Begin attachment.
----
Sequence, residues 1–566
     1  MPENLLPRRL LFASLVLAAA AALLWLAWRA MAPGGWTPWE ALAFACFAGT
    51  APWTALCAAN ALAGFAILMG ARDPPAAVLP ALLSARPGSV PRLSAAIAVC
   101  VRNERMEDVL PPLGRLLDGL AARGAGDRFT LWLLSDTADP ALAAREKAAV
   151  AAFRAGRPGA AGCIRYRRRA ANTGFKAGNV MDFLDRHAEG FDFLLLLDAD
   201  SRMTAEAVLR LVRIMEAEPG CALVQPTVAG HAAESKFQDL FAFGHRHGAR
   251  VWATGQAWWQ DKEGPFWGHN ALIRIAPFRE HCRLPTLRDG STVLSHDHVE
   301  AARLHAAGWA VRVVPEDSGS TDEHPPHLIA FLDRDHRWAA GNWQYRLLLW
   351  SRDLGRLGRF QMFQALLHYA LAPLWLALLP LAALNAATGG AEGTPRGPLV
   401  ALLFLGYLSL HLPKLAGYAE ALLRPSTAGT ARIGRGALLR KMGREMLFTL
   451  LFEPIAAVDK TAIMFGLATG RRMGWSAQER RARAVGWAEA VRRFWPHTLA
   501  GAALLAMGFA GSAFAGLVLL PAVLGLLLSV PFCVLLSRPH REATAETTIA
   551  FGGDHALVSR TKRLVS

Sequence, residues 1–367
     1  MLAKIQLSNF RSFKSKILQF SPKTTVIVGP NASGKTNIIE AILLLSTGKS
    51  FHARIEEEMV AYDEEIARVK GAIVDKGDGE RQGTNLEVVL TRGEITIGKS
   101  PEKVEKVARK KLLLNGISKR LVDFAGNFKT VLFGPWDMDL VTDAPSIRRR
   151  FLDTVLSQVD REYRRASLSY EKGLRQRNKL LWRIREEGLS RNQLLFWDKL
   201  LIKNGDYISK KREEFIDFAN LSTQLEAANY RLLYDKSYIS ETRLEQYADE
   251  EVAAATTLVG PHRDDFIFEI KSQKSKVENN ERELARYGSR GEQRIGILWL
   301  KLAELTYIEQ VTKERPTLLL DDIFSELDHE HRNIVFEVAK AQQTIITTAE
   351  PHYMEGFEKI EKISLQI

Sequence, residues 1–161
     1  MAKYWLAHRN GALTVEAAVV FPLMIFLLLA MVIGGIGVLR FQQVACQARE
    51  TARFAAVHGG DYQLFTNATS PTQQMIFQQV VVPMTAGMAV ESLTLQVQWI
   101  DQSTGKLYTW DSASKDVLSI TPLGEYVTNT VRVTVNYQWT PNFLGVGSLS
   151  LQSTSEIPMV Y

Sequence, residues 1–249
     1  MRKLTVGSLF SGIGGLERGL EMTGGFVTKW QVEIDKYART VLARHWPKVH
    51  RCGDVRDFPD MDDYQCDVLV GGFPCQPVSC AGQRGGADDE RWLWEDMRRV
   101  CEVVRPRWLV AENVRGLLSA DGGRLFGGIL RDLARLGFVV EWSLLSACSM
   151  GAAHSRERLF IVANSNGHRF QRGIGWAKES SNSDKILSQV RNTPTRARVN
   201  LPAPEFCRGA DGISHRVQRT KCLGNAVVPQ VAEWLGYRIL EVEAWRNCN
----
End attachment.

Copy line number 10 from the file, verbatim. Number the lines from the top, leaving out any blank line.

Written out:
   401  ALLFLGYLSL HLPKLAGYAE ALLRPSTAGT ARIGRGALLR KMGREMLFTL